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Inhale The Void

FDA Rekotz (2013)
Rating: 7.5/10

“Who are Wound?” I hear you ask. Well, they are a German death metal combo comprised of vocalist Schettler, guitarist Last, bass player Schulz and drummer Appel.

Despite their rather bland moniker – after all, there are quite a few bands of the same name within varying musical genres – they belt out rather effective metal which boasts a black metal style of vocal yelp, that doubles up with a few deathly grunts. Musically it’s quite wholesome in its weight, combining technical structures with a very European buzz, not too dissimilar to some of the Swedish bands we’ve come to know and love.

I must admit that a lot of modern death metal tends to pass me by, but Wound have a lot going for them, especially with that grating guitar sound and their ability to shift between tempos. There is also a lot of atmosphere on Inhale The Void, the band’s debut full-length album, which comes hot on the heels of their 2012 demo, Confess To Filth – Demo MMXII. And when you consider that these guys only formed in 2011, you can’t help but be impressed by what they’ve offered first time round.

Album opener ‘Odium’ is simply an atmospheric black metal-styled soundscape of weird effects, sombre guitars and vocal sneers, but the attack becomes very serious with the chainsaw riffage of ‘Codex Arcanum’, which has a real effective chug about it. At times there is a feel of early Darkthrone circa Soulside Journey (1991), in some of the more grey-laced guitars, but for the most part it’s extremely catchy yet extreme with those double-tracked vocals and pounding drums.

‘Echoes’ is similarly brutal, making its presence known as a fuzzy riff and hurtling drum. Schettler’s vocals aren’t unique, far from it, but he’s certainly got a set of iron tonsils on him as his range shifts between black metal rasps and deep, guttural bellowing.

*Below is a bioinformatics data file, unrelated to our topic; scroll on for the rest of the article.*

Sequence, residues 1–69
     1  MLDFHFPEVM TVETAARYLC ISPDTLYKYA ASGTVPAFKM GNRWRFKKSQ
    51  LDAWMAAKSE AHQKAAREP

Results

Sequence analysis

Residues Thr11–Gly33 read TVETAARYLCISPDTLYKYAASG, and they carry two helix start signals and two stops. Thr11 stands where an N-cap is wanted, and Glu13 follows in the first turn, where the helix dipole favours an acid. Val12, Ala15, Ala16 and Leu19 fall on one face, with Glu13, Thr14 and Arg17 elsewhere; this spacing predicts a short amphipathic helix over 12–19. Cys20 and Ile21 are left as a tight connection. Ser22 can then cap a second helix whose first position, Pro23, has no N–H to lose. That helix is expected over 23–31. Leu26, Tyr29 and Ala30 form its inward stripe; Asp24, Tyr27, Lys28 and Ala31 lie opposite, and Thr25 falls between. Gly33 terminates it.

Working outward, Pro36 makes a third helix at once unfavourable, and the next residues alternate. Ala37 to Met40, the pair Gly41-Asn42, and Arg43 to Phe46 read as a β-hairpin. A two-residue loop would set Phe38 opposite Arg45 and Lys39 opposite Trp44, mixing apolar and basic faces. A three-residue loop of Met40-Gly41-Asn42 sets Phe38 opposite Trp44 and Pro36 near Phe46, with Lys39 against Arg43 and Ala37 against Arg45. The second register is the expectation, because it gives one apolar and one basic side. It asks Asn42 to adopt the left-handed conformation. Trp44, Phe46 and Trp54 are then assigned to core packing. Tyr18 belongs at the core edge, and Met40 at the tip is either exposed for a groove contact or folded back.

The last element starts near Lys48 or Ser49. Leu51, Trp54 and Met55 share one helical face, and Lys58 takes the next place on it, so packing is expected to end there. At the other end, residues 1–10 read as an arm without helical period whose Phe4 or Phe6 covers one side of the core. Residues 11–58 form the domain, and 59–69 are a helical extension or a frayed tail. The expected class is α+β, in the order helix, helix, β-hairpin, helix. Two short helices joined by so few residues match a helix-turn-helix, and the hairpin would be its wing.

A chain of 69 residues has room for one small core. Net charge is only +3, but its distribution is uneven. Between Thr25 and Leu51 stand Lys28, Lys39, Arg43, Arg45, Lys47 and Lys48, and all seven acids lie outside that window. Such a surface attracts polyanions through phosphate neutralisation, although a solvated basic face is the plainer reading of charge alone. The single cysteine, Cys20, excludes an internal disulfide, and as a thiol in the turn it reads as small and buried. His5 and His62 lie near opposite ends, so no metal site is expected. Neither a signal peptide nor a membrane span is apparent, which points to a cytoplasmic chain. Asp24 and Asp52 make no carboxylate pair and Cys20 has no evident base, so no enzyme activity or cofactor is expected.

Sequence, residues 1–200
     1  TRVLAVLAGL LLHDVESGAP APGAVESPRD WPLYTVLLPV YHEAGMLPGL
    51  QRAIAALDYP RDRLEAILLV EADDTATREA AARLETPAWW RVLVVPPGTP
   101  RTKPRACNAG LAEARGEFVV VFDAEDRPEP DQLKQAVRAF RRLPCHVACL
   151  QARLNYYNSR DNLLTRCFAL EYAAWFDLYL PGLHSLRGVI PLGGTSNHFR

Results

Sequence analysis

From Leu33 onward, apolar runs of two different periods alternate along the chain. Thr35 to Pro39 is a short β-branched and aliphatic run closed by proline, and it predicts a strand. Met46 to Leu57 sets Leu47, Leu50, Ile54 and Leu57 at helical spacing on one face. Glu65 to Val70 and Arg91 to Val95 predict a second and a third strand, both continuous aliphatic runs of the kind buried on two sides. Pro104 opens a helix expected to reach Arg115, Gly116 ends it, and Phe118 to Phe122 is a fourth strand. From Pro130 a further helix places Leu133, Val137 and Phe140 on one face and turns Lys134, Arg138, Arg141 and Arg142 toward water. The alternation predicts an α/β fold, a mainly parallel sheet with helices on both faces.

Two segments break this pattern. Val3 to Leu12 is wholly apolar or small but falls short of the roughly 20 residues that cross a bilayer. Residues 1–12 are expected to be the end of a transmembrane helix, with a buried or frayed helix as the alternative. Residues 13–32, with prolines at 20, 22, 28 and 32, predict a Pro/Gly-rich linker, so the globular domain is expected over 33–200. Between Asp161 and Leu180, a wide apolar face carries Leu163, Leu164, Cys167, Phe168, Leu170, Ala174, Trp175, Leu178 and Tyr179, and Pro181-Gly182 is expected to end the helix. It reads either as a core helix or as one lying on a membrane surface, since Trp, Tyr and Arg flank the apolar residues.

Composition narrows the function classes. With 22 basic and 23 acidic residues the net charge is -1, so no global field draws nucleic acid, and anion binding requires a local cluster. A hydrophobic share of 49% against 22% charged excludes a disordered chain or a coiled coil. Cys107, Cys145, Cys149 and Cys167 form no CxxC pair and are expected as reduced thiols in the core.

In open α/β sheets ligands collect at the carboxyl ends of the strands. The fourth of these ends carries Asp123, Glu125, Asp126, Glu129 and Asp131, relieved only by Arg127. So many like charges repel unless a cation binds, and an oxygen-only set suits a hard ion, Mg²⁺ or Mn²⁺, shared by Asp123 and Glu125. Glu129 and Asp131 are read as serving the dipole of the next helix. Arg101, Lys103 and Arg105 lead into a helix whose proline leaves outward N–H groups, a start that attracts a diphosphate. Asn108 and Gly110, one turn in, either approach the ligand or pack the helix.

Although Inhale The Void is a bulky affair, it never becomes cumbersome and neither does it resort to blast-beats in order to explore extremity. The faster numbers, such as ‘The Unsolved Obscurity’ and ‘Forever Denial’ are probably the weakest tracks on the album, adopting a strong black metal feel. But the band shine more so with the slower, more ominous cuts such as ‘Corroded From Within’, which is still pacey yet injects a few, arrogant riffs and engulfing grooves with Schettler once again altering the vocals when required.

‘Among You’ is equally effective with an absolutely killer riff and blackened bass, and again mixes frothing ferocity with far darker, slower changes. It’s my favourite track on the album, and it is in good company as ‘The Prince Of Tyranny’ slips in on a grunge-styled groove and Schettler cough before it gets its kicks from another massive riff and a chesty bawl.

The album’s closing title track is simply an almost wistful three-minute acoustic that leads us into the black pit of silence, and only then does the wound heal… until the next listen.

Inhale The Void is an impressive debut album from a band worth keeping watch over. Top notch album cover too.

Neil Arnold

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